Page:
Saturday, April 24, 2010


I WAS SUPPOSED TO WORK today. Punch the clock. Of course, now, it’s my own clock. But still, I'm supposed to work. Especially if I want to get that novel done. The one that’s been sitting in my head and on my desk since back in the Clinton administration.

But the sun was out – hadn’t been in some time – and an idle BMW conspired with it to prompt my sin. So, to the lord of the independent contractor, freelancer and writers everywhere – anyone whose income is derived from their personal, intrinsic motivation – I ask forgiveness.

IT REALLY DOESN’T MATTER where I go – I’d decided on the delta – because I’ve ridden almost everywhere around here many, many time since I initially sold my soul and the seat of my pants to the demon of roadway and wind roar. Today I just got on the bike and went slicing through that day-after-a-good-spring-storm air – air so sweet that if I could package it, they could tax it.

I stopped for an omelet at a greasy spoon I’d passed by numerous times before. Local chain. Lousy gravelly parking lot – easy place to tip over. I could build a better omelet at home, but here, there’s no clean up. I’m not annoyed that the young waitress fails to keep my coffee hot and fresh. I’m on a ride.

Back in the saddle, the road unwinds and so do I. The self-imposed deadline for finishing my manuscript dissolves and my only real interest is the discovery around the next bend or over the next rise.

Viewing the Coast Range invites another visit along its twisting roads through rolling horizons of tall grass and Spanish moss clinging to ancient blue oaks. The delta is forgotten. Cattle dot the grasslands and that familiar derelict barn is a bit further toward oblivion.

People make a living out here, off this land. They wake up in this bucolic scene each and every day. I coin a phrase: “good bucolity of life.” Wonder if they can play hooky – let the chickens go unfed or the cows unmilked? Perhaps the pastoral is more romantic to those of us who are just passing by. To those enraptured by a combination of the physics and the spiritual nature of riding, maybe every day seems better than it actually is.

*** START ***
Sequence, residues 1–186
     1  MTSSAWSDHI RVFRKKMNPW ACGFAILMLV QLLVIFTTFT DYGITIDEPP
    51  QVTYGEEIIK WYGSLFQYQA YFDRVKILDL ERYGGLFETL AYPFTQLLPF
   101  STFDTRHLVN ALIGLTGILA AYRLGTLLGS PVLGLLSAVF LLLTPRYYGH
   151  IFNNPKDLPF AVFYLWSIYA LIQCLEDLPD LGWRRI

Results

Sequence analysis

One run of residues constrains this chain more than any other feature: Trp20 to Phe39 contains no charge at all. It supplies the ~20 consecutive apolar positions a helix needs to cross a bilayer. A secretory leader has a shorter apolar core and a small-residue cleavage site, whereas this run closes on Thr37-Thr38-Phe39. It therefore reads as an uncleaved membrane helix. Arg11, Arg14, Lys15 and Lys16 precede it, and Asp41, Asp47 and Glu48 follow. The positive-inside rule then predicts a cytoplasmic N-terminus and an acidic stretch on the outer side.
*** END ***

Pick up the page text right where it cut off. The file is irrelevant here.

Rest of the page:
Never really had a bad day on a motorcycle – outside of the day I hit some sand, high sided and busted my shoulder. And that wasn’t really a bad day, just a bad moment fostered by my own bad judgment. My buddy once hit a deer on his bike. Even that wasn’t a bad day either. Just a bad moment with a bit of an aftermath. Really bad day for the deer, however.

Somewhere, I missed an intersection. Must have been daydreaming. I made no attempt to correct this. I found myself on one of those rare area roads I’ve not travelled before. The road is as straight as a rifle shot for countless miles, ranging across the pan of the Sacramento Valley. In a Frostian moment, I wonder if this road not [previously] taken will make all the difference. A rusted tractor sits choked in waist-high grass. A barn pancaked, its siding splintered beneath a still-intact corrugated metal roof – rusted in some areas, glinting mid-day sun in others. A field of thigh-high mustard is in full bloom. Thankfully, my Claritin knock-off tablet works. A snowy egret stands in a ditch like a lawn statue. A bit further on, another. Hawks stand sentinel on old wooden power poles. One dives into the grass to prey upon a hapless rodent. He rises with lunch wriggling in his talons.

After a time, I end up someplace I’ve been before. No, not the town. I’ve been there. But the feeling. The spirit. The new road is now an old friend.

I pause for a stretch along the waterfront in Rio Vista. I wish I’d stopped to photograph the egrets or that old barn. But some days, when attending the Church of the Open Road, parishioners simply ride.

AFTER COMMUNION, vespers, the sermon and a hymn or two inside my helmet, I am home. I ask for forgiveness for having played hooky. Tomorrow, I promise, I will write.

Depending on the weather of course.

© 2010
Church of the Open Road Press

1 comment:

  1. This is beautiful. I get the same feeling on the rare days when I dig out my bicycle and pedal home from school. I think driving in a car just separates you from the world, and by being open to the air there is so much more sensory stimulation, and so much more to experience.

    As far as the procrastination goes: you're retired. Chill out.